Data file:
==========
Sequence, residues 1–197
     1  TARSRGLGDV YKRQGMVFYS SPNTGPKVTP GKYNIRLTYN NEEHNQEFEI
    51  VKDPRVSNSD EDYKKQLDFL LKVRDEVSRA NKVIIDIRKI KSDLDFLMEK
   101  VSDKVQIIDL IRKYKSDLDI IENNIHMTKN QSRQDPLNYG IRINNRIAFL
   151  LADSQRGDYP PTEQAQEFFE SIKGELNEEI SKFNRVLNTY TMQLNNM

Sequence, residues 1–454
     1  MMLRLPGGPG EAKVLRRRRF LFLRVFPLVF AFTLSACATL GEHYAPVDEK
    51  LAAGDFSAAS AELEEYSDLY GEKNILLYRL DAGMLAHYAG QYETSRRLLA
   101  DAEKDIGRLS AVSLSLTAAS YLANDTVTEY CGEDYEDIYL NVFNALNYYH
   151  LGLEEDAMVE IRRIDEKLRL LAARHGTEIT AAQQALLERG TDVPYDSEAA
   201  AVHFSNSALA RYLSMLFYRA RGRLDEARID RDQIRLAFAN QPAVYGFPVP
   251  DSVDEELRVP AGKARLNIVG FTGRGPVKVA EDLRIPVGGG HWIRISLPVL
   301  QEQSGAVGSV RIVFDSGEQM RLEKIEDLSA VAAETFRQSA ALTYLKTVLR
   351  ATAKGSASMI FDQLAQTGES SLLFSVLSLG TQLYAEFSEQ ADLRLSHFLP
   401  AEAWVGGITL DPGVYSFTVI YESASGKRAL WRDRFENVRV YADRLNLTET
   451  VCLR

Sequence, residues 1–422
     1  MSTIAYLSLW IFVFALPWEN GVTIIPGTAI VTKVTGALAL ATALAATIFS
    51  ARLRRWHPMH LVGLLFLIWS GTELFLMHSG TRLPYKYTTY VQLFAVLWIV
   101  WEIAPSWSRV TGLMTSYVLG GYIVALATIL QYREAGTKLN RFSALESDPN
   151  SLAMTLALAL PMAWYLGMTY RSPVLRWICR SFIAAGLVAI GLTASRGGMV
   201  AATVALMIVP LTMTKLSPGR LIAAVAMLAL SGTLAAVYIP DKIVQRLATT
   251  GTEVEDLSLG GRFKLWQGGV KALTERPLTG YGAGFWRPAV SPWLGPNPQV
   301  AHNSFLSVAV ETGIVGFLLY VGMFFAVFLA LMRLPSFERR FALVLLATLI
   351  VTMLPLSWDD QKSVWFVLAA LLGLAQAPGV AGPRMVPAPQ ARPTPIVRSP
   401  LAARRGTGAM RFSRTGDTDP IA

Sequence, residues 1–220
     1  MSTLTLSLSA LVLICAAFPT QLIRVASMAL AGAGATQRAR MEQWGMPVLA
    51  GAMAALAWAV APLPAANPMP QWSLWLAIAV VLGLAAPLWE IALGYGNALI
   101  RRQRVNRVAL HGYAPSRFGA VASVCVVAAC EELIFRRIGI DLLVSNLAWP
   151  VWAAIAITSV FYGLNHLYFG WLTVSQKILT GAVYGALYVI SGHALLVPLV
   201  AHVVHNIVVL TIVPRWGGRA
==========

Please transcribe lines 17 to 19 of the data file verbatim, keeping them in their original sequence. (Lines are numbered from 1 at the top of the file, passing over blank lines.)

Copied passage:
Sequence, residues 1–422
     1  MSTIAYLSLW IFVFALPWEN GVTIIPGTAI VTKVTGALAL ATALAATIFS
    51  ARLRRWHPMH LVGLLFLIWS GTELFLMHSG TRLPYKYTTY VQLFAVLWIV